Long may they kiss each other, for this cure!
O, never let their crimson liveries wear!
And as they last, their verdure still endure,
To drive infection from the dangerous year!
That the star-gazers, having writ on death,
May say, the plague is banish’d by thy breath.
—William Shakespeare (1593), Venus and Adonis
The novel severe acute respiratory syndrome coronavirus 2 (SARS-CoV-2) first appeared in late 2019, most likely in Wuhan, the capital city of the landlocked Hubei province in the People’s Republic of China. In January 2020, SARS-CoV-2 was identified in an initial cohort of patients in Wuhan who were acutely ill with viral pneumonia.
In February 2020, SARS-CoV-2 was subsequently defined by the World Health Organization (WHO) as the causative agent of the emerging zoonotic coronavirus disease 2019 (COVID-19). Given not only the efficient human-to-human, droplet transmission of SARS-CoV-2 but also extensive domestic and international travel in and out of Central China, COVID-19 spread rapidly. Disease containment efforts largely failed, and the WHO in March 2020 declared a global pandemic status for this insidious virus and viral disease.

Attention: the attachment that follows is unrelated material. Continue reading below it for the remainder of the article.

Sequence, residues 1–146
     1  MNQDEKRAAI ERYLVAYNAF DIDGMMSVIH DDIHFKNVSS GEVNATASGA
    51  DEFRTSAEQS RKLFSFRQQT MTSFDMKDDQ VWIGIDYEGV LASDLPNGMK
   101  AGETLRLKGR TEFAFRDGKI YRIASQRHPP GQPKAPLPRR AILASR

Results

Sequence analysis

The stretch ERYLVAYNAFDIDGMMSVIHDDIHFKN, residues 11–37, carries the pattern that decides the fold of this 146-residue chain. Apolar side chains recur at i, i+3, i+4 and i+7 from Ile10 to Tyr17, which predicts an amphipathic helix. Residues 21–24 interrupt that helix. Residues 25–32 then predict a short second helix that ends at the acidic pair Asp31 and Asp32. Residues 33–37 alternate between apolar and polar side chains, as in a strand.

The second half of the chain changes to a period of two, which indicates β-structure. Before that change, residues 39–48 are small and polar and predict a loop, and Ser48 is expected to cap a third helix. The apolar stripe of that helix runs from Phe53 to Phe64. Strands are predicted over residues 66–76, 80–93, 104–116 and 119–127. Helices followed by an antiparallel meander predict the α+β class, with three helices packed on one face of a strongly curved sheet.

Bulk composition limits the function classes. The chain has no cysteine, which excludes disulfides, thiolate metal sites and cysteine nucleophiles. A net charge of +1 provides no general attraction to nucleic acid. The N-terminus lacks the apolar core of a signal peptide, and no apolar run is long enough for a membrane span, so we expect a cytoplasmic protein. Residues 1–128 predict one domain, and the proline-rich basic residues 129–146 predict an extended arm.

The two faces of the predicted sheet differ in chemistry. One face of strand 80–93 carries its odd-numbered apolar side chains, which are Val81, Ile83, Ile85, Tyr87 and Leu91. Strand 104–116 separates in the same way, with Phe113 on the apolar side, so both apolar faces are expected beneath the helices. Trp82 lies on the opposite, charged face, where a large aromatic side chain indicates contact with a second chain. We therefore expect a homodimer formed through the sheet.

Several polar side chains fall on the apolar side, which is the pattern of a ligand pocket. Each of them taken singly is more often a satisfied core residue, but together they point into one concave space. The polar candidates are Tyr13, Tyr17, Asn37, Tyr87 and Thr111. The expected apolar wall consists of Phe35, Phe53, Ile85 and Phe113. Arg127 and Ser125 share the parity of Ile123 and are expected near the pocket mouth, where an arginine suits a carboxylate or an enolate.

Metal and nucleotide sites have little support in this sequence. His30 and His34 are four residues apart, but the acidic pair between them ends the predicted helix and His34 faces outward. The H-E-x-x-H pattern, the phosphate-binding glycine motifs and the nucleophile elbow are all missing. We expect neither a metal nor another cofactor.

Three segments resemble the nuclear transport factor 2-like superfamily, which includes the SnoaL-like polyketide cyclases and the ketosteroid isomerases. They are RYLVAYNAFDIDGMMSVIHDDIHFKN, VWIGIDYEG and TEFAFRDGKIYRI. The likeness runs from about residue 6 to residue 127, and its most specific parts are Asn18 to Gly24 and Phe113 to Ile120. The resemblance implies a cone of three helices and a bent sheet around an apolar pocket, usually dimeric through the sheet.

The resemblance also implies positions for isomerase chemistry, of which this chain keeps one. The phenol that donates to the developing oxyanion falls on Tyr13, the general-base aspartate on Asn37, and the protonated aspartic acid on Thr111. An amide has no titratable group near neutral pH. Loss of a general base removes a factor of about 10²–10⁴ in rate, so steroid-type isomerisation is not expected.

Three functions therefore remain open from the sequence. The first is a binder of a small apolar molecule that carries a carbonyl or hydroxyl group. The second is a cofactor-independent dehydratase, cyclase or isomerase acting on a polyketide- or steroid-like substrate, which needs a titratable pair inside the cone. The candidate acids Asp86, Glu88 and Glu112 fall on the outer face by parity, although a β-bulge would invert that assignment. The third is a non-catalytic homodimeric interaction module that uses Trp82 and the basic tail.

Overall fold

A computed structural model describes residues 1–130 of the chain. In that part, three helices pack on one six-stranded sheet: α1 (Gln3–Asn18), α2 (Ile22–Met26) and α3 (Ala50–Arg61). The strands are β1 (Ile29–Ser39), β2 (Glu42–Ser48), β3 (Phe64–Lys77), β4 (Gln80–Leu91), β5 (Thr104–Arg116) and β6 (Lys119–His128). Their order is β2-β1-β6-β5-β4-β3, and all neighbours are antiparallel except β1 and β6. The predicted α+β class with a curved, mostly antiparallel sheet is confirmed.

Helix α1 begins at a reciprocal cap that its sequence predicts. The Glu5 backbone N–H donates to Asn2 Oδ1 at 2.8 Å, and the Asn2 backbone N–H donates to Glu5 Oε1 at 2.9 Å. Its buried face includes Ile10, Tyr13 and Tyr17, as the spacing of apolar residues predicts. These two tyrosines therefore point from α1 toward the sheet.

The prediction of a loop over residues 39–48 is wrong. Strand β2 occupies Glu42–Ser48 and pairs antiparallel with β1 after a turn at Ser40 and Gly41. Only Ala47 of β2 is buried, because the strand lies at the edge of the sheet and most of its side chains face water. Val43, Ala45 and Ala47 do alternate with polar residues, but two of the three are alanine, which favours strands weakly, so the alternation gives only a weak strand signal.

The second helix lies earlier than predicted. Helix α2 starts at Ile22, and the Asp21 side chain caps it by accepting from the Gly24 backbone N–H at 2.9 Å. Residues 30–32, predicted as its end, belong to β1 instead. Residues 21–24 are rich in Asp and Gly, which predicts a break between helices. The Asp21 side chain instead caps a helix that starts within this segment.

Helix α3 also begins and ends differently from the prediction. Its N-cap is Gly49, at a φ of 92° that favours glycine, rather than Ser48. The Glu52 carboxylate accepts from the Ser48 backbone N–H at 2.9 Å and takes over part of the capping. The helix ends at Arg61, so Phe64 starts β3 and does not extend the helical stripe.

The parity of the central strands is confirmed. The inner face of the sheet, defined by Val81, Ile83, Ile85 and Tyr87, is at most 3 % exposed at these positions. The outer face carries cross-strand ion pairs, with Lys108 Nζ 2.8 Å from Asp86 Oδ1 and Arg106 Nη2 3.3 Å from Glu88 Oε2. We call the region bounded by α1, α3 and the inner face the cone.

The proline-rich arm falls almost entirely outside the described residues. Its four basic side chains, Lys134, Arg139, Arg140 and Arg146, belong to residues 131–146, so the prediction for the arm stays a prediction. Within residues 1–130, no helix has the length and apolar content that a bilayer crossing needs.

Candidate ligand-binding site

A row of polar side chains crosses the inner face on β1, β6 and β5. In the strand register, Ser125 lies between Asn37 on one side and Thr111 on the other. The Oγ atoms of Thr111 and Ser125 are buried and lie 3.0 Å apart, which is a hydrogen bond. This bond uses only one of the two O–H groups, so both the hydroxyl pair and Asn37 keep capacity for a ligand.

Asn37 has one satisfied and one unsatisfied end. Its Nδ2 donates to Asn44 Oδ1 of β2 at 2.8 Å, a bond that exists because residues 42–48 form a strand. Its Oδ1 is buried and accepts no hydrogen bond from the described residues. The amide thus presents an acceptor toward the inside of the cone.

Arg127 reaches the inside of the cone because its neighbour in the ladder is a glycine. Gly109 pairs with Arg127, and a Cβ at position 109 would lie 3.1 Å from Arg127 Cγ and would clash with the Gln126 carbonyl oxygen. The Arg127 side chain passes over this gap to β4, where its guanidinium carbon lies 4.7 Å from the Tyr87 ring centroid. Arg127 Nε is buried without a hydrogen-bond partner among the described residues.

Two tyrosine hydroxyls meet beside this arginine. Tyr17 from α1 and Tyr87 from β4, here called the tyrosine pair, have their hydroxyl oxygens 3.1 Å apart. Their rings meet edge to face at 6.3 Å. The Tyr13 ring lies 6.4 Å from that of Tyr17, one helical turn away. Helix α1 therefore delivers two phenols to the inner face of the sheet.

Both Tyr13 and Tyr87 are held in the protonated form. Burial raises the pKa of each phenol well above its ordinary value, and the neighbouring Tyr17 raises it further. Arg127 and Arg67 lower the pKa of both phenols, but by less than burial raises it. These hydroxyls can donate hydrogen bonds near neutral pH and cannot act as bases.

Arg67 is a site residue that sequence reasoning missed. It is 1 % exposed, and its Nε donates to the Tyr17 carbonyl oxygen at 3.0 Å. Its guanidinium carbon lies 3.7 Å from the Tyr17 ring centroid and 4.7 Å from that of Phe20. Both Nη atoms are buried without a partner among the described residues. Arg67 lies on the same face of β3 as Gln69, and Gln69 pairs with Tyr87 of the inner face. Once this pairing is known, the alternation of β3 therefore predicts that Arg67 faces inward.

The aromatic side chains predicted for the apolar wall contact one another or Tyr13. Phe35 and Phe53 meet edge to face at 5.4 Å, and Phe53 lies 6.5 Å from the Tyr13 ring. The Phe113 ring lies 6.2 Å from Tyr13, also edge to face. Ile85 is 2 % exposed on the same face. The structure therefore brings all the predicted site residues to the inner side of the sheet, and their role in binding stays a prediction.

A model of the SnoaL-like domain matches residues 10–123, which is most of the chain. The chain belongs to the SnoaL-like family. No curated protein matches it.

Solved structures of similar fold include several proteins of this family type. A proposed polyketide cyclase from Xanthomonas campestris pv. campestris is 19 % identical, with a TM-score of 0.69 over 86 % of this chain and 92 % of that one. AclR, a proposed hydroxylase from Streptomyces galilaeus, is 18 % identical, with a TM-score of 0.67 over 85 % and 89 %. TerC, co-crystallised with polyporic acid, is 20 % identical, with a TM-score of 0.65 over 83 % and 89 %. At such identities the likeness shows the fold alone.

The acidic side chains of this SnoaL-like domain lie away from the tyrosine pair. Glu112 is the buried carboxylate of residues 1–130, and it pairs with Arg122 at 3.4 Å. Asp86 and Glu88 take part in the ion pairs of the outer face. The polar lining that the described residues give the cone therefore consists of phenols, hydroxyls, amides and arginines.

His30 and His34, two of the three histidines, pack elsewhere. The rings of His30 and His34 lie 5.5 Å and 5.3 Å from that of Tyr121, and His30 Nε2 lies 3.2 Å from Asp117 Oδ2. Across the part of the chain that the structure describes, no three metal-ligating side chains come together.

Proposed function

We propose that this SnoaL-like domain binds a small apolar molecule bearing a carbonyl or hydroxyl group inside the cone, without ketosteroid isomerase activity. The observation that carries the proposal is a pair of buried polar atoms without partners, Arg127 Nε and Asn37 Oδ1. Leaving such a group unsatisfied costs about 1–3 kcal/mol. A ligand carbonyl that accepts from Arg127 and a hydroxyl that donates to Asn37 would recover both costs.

At the time of writing this editorial in mid-April 2020, according to the very reputable COVID-19 Dashboard by the Center for Systems Science and Engineering at Johns Hopkins University (https://coronavirus.jhu.edu/map.html), there have been worldwide 2,367,758 confirmed, documented cases of COVID-19 and 163,134 reported disease-related deaths―equating to a 6.9% case fatality rate. There have hopefully been an equal or much greater number of mildly symptomatic or asymptomatic, undocumented cases of COVID-19―thus promoting herd immunity as we intently await the development, large-scale production, and widespread availability of a safe and effective antiviral agent and/or vaccine.